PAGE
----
Hello hello! Welcome to the first installment of the Submission Series. So many authors worry to death about these tricky little queries (and synopsis and bios), but lets tie that bag of worry up and toss it off a cliff, eh?
They are Not as Important as You May Think
Think of your query as a paint primer. When we sit down to read through queries we read more than one in a sitting. Who knows how the last query has left the, because really, there have been some truly awful queries. So imagine I just finished a query that claimed the book would get me pregnant just by reading it (Yes, this really happened. No, it didn't work), and I land on yours next. I desperately need you to bring my focus to your story, so I can wash away the horribleness of the one before. Enter, Query. Set up your sample so that I'm ready for it when I get to it.
Do Your Homework
It is extremely irritating to get a submission that doesn't follow guidelines and, often, we reject them right away. At Jolly Fish Press, where I am a managing editor, we do not accept attachments, period. If something is attached, it's an immediate reject. It is a protection against spam (Warren Buffet has offered to give us money so many times I've lost count) and we strictly adhere to it.
Much of doing your homework also proves our worth to you. When you enter into a contract with a publishing company, it become a partnership. The relationship is very organic and, as such, we want to work with people who value us as much as we value them.
Keep It Short
Once you've done your homework and structured your letter, cut it shorter. Yes, Just like you do with your book, you'll need to edit and cut stuff. Be concise and to the point. Tell me only what I asked for, and only tell me that once. So many queries become mini synopsis'. Do not do this. If you give too much in the query and end up repeating much of it in your synopsis, you'll need to cut it down. It's much too easy for an editor or agent to skim in the first place, and repetition is a sure fire way to bore them into skimming..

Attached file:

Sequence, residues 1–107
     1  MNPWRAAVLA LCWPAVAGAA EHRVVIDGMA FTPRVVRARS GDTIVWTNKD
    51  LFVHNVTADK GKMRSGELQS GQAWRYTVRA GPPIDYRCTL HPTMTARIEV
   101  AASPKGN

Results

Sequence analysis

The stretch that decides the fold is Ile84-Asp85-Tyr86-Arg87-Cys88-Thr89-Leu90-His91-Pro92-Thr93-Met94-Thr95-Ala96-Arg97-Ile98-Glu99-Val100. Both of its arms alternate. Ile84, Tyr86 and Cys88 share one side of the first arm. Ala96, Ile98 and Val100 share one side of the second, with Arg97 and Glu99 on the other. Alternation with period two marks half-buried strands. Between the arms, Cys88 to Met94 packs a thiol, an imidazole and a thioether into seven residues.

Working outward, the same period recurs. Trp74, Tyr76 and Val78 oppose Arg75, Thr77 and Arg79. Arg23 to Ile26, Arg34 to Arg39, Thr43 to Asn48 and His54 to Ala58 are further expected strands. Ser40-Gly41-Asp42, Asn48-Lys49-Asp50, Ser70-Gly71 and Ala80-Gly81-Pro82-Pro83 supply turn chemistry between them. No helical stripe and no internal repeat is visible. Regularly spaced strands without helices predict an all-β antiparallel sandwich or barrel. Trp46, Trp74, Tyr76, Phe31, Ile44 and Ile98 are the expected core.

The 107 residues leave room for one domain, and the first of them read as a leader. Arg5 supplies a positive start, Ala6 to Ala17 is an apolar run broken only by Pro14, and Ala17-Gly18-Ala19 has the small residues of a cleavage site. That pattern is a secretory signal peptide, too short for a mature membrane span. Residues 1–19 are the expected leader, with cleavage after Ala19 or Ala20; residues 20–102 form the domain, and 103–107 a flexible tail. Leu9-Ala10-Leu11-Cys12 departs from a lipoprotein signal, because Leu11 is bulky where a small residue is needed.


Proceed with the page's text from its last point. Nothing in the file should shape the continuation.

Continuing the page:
Give editors less to judge before they get to the sample. Only say what you must and let the sample speak for itself. In the end, that's the most important piece. This is especially true for the bio. This should be extremely short. Honestly, it rarely matters. One great book does not mean every book thereafter is as good. Even J.K. Rowling's third Harry Potter book was rejected numerous times, so previous experience is, at best, vaguely impressive. It is very easy to come across as pretentious, or nervous even, in this section. The more you say, the more chances you have to mess up. Save yourself this trouble and keep it short.
Well, that's a wrap. Time to hop back on the submission log and search for some buried treasure! I'd love to answer questions, so post them below!